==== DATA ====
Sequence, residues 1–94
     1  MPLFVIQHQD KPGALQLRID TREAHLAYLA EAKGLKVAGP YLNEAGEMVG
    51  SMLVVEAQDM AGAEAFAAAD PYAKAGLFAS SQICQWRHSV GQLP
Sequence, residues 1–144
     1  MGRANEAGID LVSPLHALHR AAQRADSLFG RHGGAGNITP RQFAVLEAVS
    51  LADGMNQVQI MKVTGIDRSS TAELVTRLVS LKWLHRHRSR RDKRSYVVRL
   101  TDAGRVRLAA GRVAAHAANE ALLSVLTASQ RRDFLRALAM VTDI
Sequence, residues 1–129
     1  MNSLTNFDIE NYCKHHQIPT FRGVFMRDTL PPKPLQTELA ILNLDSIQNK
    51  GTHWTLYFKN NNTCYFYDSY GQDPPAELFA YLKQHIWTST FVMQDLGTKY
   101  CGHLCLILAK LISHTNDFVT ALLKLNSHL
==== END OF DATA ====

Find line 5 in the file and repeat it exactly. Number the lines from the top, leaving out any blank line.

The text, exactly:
     1  MGRANEAGID LVSPLHALHR AAQRADSLFG RHGGAGNITP RQFAVLEAVS